The stakes aren't high enough,
This review is from: The Look (Paperback)
Customer review from the Amazon Vine Programme (What's this?)
Although I'm no longer a teenager, I picked this up because it combines two of the themes I loved to read about most when I was in my teens - cancer and modelling. I was possibly a rather morbid young person, but I still love to read about medical crises, and although my interest in young model/actress/ballet dancer stories has waned somewhat, I thought it would be interested to see how these two rather cliched ideas worked together. Ted has always felt less attractive than her older sister, Ava, so it's a shock when she's the one scouted by a model agent. At the same time, Ava falls ill with cancer. Can Ted deal with the new demands of her life as a model while being there for Ava as her life falls apart?
I enjoyed the realistic presentation of Ted's career as a model - for example, the endless number of failed go-sees she attends even after being signed by a model agency, which many YA novels use as the catalyst for the heroine's career going stratospheric. Ted and Ava are both likeable, well-written characters, and I also became very fond of their dad, an unemployed history professor - it was pretty predictable that he'd be presented as eccentric and scatty, but I still found him a fun character to read about. However, I felt that the novel ultimately failed by not raising the stakes high enough, plot-wise. There was curiously little attention paid to the progress of Ava's treatment and the details of her life with cancer. Although the novel is narrated in first-person by Ted, I felt that there should have been a greater focus on Ava's story - even if this meant including Ava as a narrating character as well. Sophie Bennett also misses a trick by giving Ava stage II Hodgkin's lymphoma, which (says this novel) has a 90% cure rate. Although this is obviously good news for Ava, this robbed her plot-line of a lot of its tension - she goes through the horrible experience of treatment, but the reader can feel fairly assured that she will ultimately be safe. I felt that a more fatal type of cancer ought to have been chosen to increase the reader's emotional involvement with Ava, and also to make Ted's decisions more vital. A deus ex machina near the end of the novel also robs Ted's choice of much of its consequences.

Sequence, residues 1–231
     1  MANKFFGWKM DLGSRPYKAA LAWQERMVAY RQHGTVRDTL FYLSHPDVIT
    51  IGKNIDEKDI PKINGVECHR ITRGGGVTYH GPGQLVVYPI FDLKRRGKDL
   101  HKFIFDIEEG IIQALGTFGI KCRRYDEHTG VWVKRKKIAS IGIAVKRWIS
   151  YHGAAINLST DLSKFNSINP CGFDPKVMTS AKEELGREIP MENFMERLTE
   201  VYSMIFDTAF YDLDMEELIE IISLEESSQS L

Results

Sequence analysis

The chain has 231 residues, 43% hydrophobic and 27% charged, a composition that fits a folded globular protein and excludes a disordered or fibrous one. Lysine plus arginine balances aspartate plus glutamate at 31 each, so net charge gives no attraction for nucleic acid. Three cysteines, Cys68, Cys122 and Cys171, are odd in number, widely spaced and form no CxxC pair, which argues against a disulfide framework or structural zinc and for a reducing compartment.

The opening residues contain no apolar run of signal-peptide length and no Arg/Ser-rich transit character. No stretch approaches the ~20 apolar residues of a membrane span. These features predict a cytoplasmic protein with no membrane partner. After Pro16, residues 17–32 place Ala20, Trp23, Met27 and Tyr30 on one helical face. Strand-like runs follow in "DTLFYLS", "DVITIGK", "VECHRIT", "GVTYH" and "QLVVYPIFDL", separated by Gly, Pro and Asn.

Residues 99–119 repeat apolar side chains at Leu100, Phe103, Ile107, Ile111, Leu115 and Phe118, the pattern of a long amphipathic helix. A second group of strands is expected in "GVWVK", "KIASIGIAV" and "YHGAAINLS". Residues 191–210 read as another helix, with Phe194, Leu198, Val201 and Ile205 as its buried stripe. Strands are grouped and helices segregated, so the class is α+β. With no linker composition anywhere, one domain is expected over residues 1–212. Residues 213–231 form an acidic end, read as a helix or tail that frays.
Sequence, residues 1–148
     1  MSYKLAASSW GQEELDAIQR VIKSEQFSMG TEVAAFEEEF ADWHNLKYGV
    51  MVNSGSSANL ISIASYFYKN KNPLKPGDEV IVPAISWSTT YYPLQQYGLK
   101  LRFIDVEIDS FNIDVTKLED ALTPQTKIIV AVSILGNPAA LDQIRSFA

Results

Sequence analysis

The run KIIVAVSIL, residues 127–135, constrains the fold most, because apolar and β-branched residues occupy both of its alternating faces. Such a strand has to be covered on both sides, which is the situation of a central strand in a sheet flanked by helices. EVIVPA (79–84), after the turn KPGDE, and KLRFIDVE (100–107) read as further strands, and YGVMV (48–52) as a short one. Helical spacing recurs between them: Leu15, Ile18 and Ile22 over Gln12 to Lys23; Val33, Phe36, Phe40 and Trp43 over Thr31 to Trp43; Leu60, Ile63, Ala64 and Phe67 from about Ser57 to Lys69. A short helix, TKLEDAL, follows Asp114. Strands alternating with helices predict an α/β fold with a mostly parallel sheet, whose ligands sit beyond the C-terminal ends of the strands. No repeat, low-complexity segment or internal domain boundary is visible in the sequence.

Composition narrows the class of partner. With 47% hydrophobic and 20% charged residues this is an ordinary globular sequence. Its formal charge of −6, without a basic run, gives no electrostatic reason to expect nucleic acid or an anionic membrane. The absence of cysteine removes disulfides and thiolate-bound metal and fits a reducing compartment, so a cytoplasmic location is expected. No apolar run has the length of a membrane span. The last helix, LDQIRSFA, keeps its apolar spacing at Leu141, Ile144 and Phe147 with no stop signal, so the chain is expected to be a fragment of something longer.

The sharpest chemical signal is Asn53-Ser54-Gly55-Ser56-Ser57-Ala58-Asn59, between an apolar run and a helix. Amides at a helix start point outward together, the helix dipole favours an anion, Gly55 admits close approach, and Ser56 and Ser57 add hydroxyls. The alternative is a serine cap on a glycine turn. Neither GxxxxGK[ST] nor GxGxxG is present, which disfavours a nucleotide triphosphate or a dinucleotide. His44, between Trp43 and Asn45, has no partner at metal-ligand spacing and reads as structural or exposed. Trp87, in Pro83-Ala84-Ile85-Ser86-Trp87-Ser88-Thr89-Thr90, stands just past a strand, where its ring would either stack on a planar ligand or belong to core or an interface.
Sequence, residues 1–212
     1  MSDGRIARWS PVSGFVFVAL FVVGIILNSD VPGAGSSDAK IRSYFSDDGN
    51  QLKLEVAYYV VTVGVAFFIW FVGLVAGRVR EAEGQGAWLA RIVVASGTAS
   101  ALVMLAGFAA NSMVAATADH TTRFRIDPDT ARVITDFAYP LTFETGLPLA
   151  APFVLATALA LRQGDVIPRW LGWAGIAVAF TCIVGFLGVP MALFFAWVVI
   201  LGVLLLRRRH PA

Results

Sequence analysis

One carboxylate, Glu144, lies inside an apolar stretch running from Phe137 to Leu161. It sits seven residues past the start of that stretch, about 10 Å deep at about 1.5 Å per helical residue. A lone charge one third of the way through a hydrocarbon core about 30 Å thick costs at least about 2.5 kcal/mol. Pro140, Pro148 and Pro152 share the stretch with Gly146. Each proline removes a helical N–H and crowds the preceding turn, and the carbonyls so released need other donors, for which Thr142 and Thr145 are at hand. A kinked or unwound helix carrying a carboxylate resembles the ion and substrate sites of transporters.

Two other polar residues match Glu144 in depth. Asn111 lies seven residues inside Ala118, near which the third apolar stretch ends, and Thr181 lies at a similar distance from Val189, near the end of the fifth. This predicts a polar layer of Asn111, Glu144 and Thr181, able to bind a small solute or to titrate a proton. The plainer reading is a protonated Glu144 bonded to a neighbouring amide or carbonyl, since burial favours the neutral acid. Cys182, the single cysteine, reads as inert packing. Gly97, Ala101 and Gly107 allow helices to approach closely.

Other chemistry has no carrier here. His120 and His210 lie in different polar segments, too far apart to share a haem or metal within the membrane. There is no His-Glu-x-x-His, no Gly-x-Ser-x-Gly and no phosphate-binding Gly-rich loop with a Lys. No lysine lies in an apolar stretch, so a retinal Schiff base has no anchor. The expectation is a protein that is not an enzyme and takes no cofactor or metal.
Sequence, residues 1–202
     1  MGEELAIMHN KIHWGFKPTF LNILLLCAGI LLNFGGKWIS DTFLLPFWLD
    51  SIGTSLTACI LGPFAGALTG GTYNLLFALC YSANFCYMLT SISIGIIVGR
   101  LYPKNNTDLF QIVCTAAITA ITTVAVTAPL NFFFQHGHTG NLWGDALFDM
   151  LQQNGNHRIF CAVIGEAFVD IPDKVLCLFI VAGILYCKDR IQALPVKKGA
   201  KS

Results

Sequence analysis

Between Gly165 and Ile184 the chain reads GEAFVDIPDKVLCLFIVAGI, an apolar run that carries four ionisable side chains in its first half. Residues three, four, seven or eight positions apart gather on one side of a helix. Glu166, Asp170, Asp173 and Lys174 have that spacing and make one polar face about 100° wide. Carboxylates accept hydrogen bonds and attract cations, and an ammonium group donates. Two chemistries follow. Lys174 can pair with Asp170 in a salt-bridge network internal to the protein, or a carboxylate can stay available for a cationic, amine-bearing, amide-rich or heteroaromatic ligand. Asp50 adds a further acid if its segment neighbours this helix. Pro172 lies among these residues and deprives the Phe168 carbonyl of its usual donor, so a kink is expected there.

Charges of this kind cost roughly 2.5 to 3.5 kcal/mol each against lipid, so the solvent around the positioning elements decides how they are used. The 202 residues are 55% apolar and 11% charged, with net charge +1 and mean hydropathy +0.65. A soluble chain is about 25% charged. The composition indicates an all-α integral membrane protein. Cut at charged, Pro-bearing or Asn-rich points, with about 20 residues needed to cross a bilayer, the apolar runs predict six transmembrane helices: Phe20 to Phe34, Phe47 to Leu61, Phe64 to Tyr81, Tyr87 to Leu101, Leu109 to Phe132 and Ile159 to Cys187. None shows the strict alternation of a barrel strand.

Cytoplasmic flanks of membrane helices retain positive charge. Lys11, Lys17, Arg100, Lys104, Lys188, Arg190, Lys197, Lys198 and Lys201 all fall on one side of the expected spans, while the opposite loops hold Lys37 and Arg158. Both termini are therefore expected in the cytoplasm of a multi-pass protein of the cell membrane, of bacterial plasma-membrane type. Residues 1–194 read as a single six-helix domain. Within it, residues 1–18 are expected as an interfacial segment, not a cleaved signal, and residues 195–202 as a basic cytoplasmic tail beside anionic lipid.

I think this is a book that teenagers would definitely enjoy, despite its flaws, if they can get past the horrendous design (violently pink pages does not an elegant book make). It was an entertaining read, but not one I will remember for long.